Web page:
I’ve been reading through the gospel of John this past week. Different things challenge me and different things stick out to me. One of the things that is really clear is Jesus’s unwillingness to classify sin. I’m really good about saying these sins are really bad (adultery, stealing, murder) and these are little sins (judging, white lies, gossip, not helping others in need) that aren’t as bad as the really “big ones.”
The problem is all sins are wrong, and God doesn’t classify sin. Sometimes as Christians we get Pharisaical in our attitudes and start thinking we know better than God what sin really is. We’re okay in preaching hard against homosexuality, abortion and adultery but then we go home and scream in anger at our children, let a curse word easily slip or pass on some juicy piece of information (we don’t call it gossip) that we learned about someone else. But it’s okay because those are the small sins and we haven’t done the big ones. I’ve noticed that too often as Christians we’re okay with our sin of condemning another person, but would never see our condemning attitude as wrong. It’s easy to point out what’s wrong in other people’s lives. Maybe that’s why Jesus chose to say this during the sermon on the mount.
For example, this week I ran across the first verses of John 8 and they stabbed me in the heart. The Pharisees brought a woman to Jesus that’s been caught in adultery. She probably lays in the dirt naked in front of them all. She’s been caught red handed and guilty as charged. Adultery is one of the bad sins and so the question is asked by the Pharisees, “Should we stone her?” as they stand with rocks already in their hands.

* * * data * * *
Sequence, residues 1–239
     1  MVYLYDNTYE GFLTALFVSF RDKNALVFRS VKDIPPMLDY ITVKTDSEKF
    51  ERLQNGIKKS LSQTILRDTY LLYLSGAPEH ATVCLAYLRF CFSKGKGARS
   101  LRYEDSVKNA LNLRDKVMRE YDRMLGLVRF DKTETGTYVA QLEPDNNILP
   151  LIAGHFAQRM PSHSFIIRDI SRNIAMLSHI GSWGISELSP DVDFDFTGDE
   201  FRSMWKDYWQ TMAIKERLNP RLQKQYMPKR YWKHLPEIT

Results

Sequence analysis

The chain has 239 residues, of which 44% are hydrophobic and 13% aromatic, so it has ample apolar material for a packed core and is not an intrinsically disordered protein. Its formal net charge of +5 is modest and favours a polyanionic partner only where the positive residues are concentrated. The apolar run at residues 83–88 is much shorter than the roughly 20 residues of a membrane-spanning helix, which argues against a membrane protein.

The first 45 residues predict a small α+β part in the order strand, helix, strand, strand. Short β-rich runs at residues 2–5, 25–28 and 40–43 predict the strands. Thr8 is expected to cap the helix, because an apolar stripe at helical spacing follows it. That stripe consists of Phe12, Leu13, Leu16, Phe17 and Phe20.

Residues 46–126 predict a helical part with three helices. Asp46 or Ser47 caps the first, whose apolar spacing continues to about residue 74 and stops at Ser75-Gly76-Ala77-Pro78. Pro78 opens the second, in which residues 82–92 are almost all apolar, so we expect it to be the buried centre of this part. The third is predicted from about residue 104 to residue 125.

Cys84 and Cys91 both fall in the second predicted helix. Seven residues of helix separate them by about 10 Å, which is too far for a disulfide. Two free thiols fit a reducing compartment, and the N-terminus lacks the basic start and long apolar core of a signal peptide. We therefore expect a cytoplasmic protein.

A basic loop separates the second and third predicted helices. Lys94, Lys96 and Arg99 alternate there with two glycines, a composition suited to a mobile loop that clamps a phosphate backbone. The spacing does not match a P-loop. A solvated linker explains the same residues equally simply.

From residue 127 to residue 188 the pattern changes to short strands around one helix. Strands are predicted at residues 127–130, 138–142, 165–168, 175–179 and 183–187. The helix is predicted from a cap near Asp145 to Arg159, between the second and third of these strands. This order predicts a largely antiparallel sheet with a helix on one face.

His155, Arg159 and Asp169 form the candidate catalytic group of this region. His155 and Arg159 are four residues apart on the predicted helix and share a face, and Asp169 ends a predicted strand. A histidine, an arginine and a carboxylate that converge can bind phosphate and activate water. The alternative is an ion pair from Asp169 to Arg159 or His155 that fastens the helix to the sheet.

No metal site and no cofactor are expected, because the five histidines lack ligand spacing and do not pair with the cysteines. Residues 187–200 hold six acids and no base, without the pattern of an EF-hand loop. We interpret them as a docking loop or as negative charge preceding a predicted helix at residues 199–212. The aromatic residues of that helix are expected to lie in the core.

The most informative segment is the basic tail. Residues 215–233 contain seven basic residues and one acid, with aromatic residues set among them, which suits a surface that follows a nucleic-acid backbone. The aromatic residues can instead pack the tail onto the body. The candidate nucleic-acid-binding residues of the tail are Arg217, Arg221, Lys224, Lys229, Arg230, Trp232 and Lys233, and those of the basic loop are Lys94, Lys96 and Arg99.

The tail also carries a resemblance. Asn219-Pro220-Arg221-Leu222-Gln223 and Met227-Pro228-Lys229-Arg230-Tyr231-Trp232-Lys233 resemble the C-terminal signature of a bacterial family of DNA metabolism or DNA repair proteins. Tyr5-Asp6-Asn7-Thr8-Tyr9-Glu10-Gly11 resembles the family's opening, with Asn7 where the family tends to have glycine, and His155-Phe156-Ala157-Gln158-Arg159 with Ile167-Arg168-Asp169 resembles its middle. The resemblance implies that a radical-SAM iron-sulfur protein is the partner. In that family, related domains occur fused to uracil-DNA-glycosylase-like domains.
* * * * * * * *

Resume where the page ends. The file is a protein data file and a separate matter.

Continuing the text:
The question that keeps popping up in my mind is “Who was the greater sinner in the story? The woman caught in adultery or the Pharisees who were holding stones ready to execute her?” Naturally we’d say the sinner in the story was the adulterer, but who was it in the story that Jesus taught a lesson to?
Why is it that we put so much energy into condemning sexual sins compared with avoiding the judgmental, Pharisaical attitude of those with rocks in their hands? In the end, who killed Jesus, adulterers or condemning Pharisees? Listen, I’m not saying adultery or sexual sin is okay, it’s not. But I am saying that our modern view of how one sin is worse than another sin may be way off target. To God sin is sin, and maybe the best thing we can do is drop the rocks in our own hands and watch our own sin of being too judgemental, “because judgment without mercy will be shown to anyone who has not been merciful. Mercy triumphs over judgment!” (James 2:13).